Richardson realized he was putting his career on the line by requesting a second face-to-face with Roosevelt five days into the New Year. The plain-spoken Texan said, “Mr. President, I feel that I must tell you that the senior officers of the Navy do not have the trust and confidence in the civilian leadership of this country that is essential for the successful prosecution of a war in the Pacific.”

      That was the last straw for FDR. He immediately relieved Admiral Richardson of his command and offered it to Chester Nimitz, a fellow Texan three years behind him at the Naval Academy. Nimitz wisely turned down the promotion without getting on Roosevelt’s bad side.

      Richardson was demoted to the permanent rank of rear admiral and placed on desk duty until his official retirement in October 1942. His four decades in the Navy ended five years later with his release from active duty.

      Even though Richardson feared the Japanese might launch a sneak attack on Pearl Harbor, he was just as shocked as everyone else that it came by aircraft carrier and the severity of the blow sustained by the Pacific Fleet. Never in his worst nightmare had he imagined the sinking of four of eight battleships and the loss of 2,403 American lives.

      Richardson was still in uniform, when Secretary of the Navy James Forrestal “sent for me and told me he was not satisfied with the report of the Naval Court of Inquiry on Pearl Harbor” and “would have another investigation made.

      “He then stated that he would like to have me undertake the investigation for him. I said, ‘Mr. Secretary, I am sorry but I am not available for such (an) assignment because I am prejudiced and I believe that no prejudiced officer should undertake the inquiry.'”

      Forrestal asked him what he meant. Richardson responded, “I am prejudiced because I believe that any fair and complete investigation will result in placing a part of the blame for the success of the attack upon the president.”

      Secretary Forrestal dropped the matter like a hot potato, and Joe Richardson had no role in any Pearl Harbor inquiry. He spent his remaining years in quiet seclusion in the nation’s capital before dying in 1974 at the age of 94.”

    35. Trent Telenko Says:

      Mike K,

      I’ve written a couple of columns on Pearl Harbor here on Chicagoboyz,


      Pearl Harbor Plus 71…a Matter of Minutes
      Posted by Trent Telenko on December 7th, 2012

      Pearl Harbor, December 7th 1941 — Plus 75 Years
      Posted by Trent Telenko on December 7th, 2016

      There are at least two other major chances of making Pearl Harbor’s outcome different that missed/were left out of the Pearl Harbor investigations.

      The US Navy has a liaison officer with the British Fleet at Taranto. It was suggested that he be sent to Pearl Harbor afterwards to help with the defenses. This ran into a stone wall of bureaucracy and he was in _Iceland_ the day Pearl Harbor was struck.

      Such was the fall out of FDR’s firing of Adm Richardson.

      The second last day chance was a Australian Radar physicist was returning from England via Washington DC and Hawaii and was in Pearl Harbor for a few days right before the attack.

      He was given a “It’s classified” cold shoulder by General Short’s staff.

    36. Trent Telenko Says:

      Regards the thread of inadequate defenses of Pearl Harbor, “ECHOES OVER THE PACIFIC — An overview of Allied Air Warning Radar in the Pacific from Pearl Harbor to the Philippines Campaign” by Ed Simmonds and Norm Smith has these passages regards Pearl Harbor:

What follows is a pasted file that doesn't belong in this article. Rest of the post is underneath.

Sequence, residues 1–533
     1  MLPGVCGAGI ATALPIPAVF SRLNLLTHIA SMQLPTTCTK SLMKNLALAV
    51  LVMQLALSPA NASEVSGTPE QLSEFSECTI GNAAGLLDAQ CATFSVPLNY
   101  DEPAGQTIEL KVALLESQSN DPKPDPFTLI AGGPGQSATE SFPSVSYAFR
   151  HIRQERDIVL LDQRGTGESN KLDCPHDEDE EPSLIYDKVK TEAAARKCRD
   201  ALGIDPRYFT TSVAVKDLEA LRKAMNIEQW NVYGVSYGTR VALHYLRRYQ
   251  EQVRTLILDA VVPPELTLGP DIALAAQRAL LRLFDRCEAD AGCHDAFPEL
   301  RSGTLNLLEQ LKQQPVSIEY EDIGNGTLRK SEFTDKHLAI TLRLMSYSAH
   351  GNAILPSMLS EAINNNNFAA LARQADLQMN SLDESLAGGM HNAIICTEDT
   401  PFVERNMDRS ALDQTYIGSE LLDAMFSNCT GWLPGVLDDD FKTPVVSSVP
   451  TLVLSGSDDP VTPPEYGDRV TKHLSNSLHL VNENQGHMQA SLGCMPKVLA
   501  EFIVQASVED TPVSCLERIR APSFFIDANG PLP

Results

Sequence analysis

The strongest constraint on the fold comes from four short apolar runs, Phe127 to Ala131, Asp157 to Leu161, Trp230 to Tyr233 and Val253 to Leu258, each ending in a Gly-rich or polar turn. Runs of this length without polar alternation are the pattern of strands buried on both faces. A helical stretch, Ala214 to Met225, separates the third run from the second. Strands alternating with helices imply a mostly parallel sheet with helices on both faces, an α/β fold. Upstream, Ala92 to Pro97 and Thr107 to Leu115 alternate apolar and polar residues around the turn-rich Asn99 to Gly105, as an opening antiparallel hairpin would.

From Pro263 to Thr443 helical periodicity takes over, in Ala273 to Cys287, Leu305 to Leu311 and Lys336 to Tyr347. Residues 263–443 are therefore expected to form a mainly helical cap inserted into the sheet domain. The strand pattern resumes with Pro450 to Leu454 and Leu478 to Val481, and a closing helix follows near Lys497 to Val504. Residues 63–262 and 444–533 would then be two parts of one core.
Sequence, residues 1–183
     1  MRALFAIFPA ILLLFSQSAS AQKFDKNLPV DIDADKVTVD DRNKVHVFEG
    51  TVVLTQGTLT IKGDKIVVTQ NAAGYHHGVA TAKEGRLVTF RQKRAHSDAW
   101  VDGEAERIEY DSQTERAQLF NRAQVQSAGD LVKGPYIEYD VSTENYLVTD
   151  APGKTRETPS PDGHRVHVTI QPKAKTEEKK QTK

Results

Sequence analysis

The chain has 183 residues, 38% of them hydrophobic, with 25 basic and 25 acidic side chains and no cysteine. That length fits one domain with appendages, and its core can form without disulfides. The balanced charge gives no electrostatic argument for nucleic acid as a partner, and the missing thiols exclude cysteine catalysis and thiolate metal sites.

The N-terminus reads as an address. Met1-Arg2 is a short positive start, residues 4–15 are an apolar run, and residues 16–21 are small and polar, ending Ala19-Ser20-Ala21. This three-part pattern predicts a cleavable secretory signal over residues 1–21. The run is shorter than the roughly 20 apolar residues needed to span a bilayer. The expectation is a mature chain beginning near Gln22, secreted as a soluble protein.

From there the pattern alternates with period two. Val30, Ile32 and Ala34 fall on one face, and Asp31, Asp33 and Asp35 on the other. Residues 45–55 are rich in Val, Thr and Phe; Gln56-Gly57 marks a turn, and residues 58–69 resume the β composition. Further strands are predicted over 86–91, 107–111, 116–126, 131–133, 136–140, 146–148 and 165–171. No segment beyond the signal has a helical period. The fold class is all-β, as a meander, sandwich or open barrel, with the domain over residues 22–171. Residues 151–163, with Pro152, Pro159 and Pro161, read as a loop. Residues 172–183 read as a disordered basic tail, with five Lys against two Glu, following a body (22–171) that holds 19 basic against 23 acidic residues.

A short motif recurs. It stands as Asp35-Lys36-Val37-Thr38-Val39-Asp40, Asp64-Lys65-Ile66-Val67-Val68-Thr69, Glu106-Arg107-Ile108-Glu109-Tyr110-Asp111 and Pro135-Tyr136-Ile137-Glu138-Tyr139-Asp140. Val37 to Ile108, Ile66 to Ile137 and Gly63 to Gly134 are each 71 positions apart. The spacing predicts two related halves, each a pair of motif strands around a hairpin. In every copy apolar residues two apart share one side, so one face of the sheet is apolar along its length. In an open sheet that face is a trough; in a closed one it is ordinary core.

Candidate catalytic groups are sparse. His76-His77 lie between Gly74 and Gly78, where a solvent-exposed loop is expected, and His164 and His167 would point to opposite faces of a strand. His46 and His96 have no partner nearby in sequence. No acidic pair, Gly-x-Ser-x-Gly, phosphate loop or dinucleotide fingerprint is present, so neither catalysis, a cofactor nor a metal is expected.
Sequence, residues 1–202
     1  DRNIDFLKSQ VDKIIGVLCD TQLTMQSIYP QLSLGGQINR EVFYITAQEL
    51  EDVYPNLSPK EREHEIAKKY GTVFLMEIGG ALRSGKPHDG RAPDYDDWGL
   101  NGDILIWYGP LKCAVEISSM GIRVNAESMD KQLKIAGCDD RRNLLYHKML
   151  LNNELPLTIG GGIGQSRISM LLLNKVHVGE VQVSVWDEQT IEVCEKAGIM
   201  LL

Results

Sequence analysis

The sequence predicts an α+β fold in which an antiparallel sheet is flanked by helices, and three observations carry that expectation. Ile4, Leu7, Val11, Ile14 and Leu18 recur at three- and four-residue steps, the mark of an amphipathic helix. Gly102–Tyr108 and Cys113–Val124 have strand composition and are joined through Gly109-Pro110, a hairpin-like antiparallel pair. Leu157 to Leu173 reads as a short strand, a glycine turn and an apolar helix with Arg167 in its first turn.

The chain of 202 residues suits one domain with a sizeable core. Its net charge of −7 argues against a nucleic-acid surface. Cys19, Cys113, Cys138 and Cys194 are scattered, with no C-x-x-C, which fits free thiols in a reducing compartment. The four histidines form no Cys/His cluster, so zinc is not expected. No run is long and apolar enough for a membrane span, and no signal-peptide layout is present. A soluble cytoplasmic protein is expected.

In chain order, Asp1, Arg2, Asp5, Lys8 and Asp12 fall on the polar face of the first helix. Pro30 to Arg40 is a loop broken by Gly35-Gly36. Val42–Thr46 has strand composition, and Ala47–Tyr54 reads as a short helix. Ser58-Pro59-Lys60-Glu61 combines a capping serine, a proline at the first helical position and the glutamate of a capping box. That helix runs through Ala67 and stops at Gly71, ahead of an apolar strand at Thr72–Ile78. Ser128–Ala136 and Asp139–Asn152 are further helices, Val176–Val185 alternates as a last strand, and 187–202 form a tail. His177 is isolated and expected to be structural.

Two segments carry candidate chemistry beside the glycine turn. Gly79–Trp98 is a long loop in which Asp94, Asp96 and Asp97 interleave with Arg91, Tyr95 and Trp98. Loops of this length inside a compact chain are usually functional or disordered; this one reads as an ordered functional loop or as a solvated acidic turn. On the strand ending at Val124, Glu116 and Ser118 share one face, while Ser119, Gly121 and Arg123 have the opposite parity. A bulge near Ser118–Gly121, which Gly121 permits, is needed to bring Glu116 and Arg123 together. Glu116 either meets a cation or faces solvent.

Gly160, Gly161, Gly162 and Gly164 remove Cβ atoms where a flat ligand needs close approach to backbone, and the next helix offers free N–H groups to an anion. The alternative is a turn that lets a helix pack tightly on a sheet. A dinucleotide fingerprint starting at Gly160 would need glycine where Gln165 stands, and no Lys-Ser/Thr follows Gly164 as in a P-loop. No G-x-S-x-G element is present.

Page 18 —

      The following is summarised from Radar in WWII by Henry E Guerlac and an article ‘The
      Air Warning Service and The Signal Company, Aircraft Warning, Hawaii’ by Stephen L
      The strategic importance of Oahu was recognised in late 1939 and the Air Warning Service
      (AWS) was to provide warning of approaching enemy aircraft using the newly developed
      Extensive negotiations were needed as the sites, for the three SCR271s received in Hawaii on
      3 June 1941, were located on land owned by either the Department of Interior National Parks
      Service or the Territory of Hawaii. In addition access roads, power supply, water supply,
      buildings et cetera had to be constructed – which occasioned even further delay. The net
      result was that none of the SCR271s had been installed by 7 December 1941 !
      Six mobile SCR270Bs arrived in Hawaii on 1 August 1941 and were shortly thereafter put
      into operation because very little site preparation was required. Extensive testing of the sets
      was carried out in the next few months on installations at Kaaawa, Kawailoa, Waianae and
      Koko Head, Schofield Barracks and Fort Shafter.
      On 27 September 1941 the SCR270Bs were tested in an exercise which, in retrospect,
      resembled to a remarkable degree the actual attack of 7 December. The exercise began at
      0430 hours. Attacking planes were detected by the equipment at Waianae and Koko Head as
      they assembled near the carrier from which they had taken off 85 miles away. When they had
      assembled, the planes headed for Hawaii. The ‘enemy’ were clearly seen on the cathode ray
      tube and fighter aircraft were notified within about six minutes. They took off and intercepted
      the incoming bombers at about 25 miles from Pearl Harbour.
      Under the control of the Signal Corps, Air Warning, Hawaii, the Schofield training SCR270B
      was moved to the site at Opana about two weeks before the attack on Pearl Harbour. The
      construction of a temporary Combat Information Centre (CIC) was in progress and training